It looks like you're using an Ad Blocker.

Please white-list or disable AboveTopSecret.com in your ad-blocking tool.

Thank you.

 

Some features of ATS will be disabled while you continue to use an ad-blocker.

 

DSL question

page: 1
0

log in

join
share:

posted on Mar, 23 2005 @ 09:20 PM
link   
Ok here's the deal.

My family is moving back into a new house, and yesterday I heard my mom talking to the phone company about DSL. They asked her if we wanted DSL for one computer or multiple computers, and she said for just one.

Is it still possible for me to use a router to get DSL on more than one computer in my house, or is this DSL for multiple users thing just a ploy for the company to make a quick buck? I have DSL here and I'm using a router, but I have no clue if the DSL is for "multiple computers."

Any help will be greatly appreciated.




posted on Mar, 23 2005 @ 09:35 PM
link   
The reason for asking about multiple computers most likey is so they can configure the DHCP server on the DSL modem to hand out IPs for the right ammount of computers, if it isint configured properly you can have problems getting more computers on the connection. Even if they set it up to only allow one computer, you can attach a router instead of a computer, and then use a different IP range and Subnet Mask to connect basically as many computers as you want to the router.



posted on Mar, 23 2005 @ 09:37 PM
link   
I lean toward 'quick buck.' Cable/DSL routers are so easy to configure these days that most anyone can do it. My bet is that is all the technician who installs it will do. My cable modem provider offered the same option. I chose 'single computer' and installed my router myself.



posted on Mar, 23 2005 @ 10:40 PM
link   
Yes, I agree with Spectre here. It's just a way for your phone company to squeeze a few more pennies out of you. Todays routers usualy have nice step by step setup things on them. So, I would not worry about the single computer option. And alternate, isnt DHCP handed out by the router, not the modem itself.



posted on Mar, 23 2005 @ 11:08 PM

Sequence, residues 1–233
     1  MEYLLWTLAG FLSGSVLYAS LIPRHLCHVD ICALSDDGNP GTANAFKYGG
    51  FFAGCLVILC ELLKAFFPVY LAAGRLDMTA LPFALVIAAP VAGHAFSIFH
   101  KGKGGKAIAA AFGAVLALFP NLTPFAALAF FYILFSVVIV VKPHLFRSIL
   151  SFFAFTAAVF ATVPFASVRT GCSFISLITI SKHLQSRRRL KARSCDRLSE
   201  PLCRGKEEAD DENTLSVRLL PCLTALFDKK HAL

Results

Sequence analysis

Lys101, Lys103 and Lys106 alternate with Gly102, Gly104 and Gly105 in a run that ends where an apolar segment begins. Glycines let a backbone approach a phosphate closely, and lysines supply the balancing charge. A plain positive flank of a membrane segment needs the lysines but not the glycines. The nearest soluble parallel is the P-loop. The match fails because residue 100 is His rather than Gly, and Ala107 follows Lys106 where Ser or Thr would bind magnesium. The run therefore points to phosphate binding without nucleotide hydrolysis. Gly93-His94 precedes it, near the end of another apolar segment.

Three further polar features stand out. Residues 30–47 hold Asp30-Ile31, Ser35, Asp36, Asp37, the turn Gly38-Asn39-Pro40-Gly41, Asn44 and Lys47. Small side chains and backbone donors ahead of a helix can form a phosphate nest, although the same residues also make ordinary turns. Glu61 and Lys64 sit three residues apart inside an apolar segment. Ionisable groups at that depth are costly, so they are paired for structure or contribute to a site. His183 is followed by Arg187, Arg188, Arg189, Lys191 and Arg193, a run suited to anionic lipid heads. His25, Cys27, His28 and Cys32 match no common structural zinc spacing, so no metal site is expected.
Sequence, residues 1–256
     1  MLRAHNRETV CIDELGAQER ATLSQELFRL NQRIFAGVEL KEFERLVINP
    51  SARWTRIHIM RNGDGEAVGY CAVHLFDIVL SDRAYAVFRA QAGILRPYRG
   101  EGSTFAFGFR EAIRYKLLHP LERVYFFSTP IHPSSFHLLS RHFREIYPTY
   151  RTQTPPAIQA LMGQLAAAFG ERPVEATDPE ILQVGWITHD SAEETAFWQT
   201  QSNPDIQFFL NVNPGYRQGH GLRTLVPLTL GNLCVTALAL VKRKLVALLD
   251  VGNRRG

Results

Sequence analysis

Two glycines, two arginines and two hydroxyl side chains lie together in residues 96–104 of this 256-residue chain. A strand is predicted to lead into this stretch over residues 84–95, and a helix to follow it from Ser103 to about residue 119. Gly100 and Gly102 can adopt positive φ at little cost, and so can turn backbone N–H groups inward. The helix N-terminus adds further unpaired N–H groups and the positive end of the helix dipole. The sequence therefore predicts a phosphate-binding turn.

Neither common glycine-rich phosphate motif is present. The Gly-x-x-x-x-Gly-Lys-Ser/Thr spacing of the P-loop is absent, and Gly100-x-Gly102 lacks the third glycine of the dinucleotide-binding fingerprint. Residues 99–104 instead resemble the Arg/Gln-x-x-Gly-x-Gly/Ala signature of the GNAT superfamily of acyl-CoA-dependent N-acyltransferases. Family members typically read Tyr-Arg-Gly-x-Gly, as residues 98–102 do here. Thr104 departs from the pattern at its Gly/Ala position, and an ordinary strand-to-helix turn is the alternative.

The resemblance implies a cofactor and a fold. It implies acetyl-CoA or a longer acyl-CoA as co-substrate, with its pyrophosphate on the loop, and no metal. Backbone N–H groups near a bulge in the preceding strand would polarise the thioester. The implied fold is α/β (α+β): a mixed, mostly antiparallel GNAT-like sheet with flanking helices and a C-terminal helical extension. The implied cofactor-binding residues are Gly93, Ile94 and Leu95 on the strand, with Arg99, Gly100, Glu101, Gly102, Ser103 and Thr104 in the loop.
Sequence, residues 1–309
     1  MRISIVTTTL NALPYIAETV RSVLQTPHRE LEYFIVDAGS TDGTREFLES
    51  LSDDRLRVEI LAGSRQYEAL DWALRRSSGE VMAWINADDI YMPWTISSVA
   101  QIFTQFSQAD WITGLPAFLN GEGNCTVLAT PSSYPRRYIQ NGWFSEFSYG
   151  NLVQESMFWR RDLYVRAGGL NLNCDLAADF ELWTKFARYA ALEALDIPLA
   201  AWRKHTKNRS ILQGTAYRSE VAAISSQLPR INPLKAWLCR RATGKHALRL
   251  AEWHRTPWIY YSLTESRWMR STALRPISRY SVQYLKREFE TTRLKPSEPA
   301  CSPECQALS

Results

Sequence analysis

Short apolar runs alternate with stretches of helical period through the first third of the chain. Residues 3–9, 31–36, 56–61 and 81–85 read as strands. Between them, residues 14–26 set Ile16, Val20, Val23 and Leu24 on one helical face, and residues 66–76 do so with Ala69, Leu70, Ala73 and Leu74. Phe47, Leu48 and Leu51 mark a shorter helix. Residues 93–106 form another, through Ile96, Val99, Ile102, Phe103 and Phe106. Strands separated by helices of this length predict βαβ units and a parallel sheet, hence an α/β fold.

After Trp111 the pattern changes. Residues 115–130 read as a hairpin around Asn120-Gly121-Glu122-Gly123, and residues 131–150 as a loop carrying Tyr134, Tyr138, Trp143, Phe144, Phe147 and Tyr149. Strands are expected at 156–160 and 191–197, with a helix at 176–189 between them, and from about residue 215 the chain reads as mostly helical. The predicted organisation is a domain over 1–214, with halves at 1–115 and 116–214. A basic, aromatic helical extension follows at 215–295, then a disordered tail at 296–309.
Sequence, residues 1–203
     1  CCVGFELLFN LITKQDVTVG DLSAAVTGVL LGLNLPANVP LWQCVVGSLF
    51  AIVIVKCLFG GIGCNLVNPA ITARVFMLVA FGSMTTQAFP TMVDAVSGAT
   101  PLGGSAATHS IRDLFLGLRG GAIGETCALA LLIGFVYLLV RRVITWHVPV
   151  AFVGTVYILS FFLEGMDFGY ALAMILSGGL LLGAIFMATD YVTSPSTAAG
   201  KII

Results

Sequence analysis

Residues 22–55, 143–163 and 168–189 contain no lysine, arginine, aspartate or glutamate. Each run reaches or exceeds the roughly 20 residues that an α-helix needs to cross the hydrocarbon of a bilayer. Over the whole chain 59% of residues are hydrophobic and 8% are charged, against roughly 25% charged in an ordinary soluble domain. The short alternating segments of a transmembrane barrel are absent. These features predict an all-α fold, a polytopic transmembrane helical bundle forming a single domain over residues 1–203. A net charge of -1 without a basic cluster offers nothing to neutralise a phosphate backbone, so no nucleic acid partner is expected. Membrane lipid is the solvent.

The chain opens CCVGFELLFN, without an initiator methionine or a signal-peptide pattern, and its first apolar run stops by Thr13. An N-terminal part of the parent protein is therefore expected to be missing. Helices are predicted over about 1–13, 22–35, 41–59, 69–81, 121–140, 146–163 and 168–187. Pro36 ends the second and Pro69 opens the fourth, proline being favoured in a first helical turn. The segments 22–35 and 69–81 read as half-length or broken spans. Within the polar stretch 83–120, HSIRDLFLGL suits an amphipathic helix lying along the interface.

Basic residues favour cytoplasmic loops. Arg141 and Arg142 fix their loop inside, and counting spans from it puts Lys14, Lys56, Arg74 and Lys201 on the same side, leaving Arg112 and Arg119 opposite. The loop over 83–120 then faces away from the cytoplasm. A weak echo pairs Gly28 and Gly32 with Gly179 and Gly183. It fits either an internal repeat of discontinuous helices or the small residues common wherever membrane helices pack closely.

link   
Sarcasimo > actually alot of DSL modems also perform basic routing functions. I have a Speadstream 5660 here at home, and it not only does RIP(Routing Information Protocol), NAPT(Network Address Port Translation), and DHCP(Dynamic Host Configuration Protocol). After getting access to the modem I turned off DHCP and just use static IP address so that all my port maping stays the same even if the modem has to be rebooted. Cable and DSL units may be easy to configure, but its my feeling that ISPs are reluctant to release the passwords for modems they supply you with; I had to coax the password to my modem out of some tech people.



posted on Mar, 23 2005 @ 11:49 PM
link   
I see my confusion. My cable company here has basic modems. I have the Surfboard SB3100, so it only gives me the basic signal, and nothing more. Everything else is set at the node/office. You have a nice modem/router (or at least it looks like one from the pictures I found.)



posted on Mar, 24 2005 @ 04:07 PM
link   
Thanks for the info everyone, that really helps.



posted on Mar, 24 2005 @ 04:11 PM
link   
I use a cable/DSL router by linksys and it auto-configures itself right out of the box - no software to install. It cost about $75 and has worked flawlessly. My cable company never asked if we wanted a setup for multiple computers, so the answer is yes to your question. The modem (cable co. provided) has its own IP, but the router assigns IP's to our computers automatically unbeknownst to the cable co.



new topics

top topics



 
0

log in

join